Physical characteristics
SourceDam Qu (Jari Hill)
 • locationTanggula Mountains, Qinghai
 • coordinates32°36′14″N 94°30′44″E / 32.60389°N 94.51222°E / 32.60389; 94.51222
 • elevation5,170 m (16,960 ft)
2nd sourceUlan Moron
 • coordinates33°23′40″N 90°53′46″E / 33.39444°N 90.89611°E / 33.39444; 90.89611
3rd sourceChuma'er River
 • coordinates35°27′19″N 90°55′50″E / 35.45528°N 90.93056°E / 35.45528; 90.93056
4th sourceMuluwusu River
 • coordinates33°22′13″N 91°10′29″E / 33.37028°N 91.17472°E / 33.37028; 91.17472
5th sourceBi Qu
 • coordinates33°16′58″N 91°23′29″E / 33.28278°N 91.39139°E / 33.28278; 91.39139
MouthEast China Sea
 • location
Shanghai and Jiangsu
 • coordinates
31°23′37″N 121°58′59″E / 31.39361°N 121.98306°E / 31.39361; 121.98306
Length6,300 km (3,900 mi)
Basin size1,808,500 km2 (698,300 sq mi)
Discharge 
 • average30,146 m3/s (1,064,600 cu ft/s)
 • minimum2,000 m3/s (71,000 cu ft/s)
 • maximum110,000 m3/s (3,900,000 cu ft/s)
Discharge 
 • locationDatong hydrometric station, Anhui (Uppermost boundary of the ocean tide)
 • average(Period: 1980–2020)905.7 km3/a (28,700 m3/s) 30,708 m3/s (1,084,400 cu ft/s) (2019–2020)
Discharge 
 • locationWuhan (Hankou)
 • average(Period: 1980–2020)711.1 km3/a (22,530 m3/s)
Discharge 
 • locationYichang (Three Gorges Dam)
 • average(Period: 1980–2020)428.7 km3/a (13,580 m3/s)
Basin features
Tributaries 
 • leftYalong, Min, Tuo, Jialing, Han
 • rightWu, Yuan, Zi, Xiang, Gan, Huangpu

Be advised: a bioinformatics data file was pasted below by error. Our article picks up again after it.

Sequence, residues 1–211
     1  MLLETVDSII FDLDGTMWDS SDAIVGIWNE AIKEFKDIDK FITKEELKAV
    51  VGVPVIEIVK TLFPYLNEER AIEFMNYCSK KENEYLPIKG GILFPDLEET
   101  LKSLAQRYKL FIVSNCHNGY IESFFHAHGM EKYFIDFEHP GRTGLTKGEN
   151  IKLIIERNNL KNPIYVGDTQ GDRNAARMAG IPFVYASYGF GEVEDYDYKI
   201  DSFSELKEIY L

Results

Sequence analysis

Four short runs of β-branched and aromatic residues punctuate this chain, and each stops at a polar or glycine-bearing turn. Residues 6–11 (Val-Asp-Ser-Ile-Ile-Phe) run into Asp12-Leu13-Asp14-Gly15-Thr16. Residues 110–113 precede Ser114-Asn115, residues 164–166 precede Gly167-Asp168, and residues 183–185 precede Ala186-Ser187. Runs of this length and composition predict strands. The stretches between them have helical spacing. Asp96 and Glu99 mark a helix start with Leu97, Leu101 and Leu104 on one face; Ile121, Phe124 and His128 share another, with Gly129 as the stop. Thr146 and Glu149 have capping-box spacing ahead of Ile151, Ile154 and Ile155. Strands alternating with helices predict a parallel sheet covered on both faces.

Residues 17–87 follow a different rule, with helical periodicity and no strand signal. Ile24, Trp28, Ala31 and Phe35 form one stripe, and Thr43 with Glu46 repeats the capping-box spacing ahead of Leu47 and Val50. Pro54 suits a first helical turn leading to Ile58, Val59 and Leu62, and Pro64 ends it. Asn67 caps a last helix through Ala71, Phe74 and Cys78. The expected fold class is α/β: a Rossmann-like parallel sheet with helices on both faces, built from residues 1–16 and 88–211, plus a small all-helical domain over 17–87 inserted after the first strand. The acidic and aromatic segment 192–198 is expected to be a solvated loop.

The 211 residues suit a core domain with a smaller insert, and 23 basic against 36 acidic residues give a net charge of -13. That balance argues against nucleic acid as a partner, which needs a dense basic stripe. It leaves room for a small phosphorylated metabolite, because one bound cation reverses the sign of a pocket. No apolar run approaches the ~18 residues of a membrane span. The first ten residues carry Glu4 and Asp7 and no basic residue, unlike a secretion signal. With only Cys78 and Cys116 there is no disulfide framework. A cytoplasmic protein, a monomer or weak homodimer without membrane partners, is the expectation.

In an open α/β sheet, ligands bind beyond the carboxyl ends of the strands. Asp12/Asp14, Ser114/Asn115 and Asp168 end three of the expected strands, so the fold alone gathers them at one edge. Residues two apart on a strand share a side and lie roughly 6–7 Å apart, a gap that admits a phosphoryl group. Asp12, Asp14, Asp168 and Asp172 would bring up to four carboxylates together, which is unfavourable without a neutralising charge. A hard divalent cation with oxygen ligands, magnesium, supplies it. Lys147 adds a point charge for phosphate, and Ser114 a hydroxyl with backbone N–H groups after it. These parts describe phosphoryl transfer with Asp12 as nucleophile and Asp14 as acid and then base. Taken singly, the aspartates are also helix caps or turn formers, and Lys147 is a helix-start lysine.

Chang Jiang
"Yangtze River (Cháng jiāng)" in Simplified (top) and Traditional (bottom) Chinese characters
Chinese name
Simplified Chinese长江
Traditional Chinese長江
Literal meaninglong river
Yangtze River
Simplified Chinese扬子江
Traditional Chinese揚子江
Tibetan name
Tibetanའབྲི་ཆུ་

The Yangtze has played a major role in the history, culture, and economy of China. For thousands of years, the river has been used for water, irrigation, sanitation, transportation, industry, boundary-marking, and war. The prosperous Yangtze Delta generates as much as 20% of China's GDP. The Three Gorges Dam on the Yangtze is the largest hydro-electric power station in the world that is in use. In mid-2014, the Chinese government announced it was building a multi-tier transport network, comprising railways, roads and airports, to create a new economic belt alongside the river.

The Yangtze flows through a wide array of ecosystems and is habitat to several endemic and threatened species including the Chinese alligator, the narrow-ridged finless porpoise, and also was the home of the now extinct Yangtze river dolphin (or baiji) and Chinese paddlefish, as well as the Yangtze sturgeon, which is extinct in the wild. In recent years, the river has suffered from industrial pollution, plastic pollution, agricultural runoff, siltation, and loss of wetland and lakes, which exacerbates seasonal flooding. Some sections of the river are now protected as nature reserves. A stretch of the upstream Yangtze flowing through deep gorges in western Yunnan is part of the Three Parallel Rivers of Yunnan Protected Areas, a UNESCO World Heritage Site.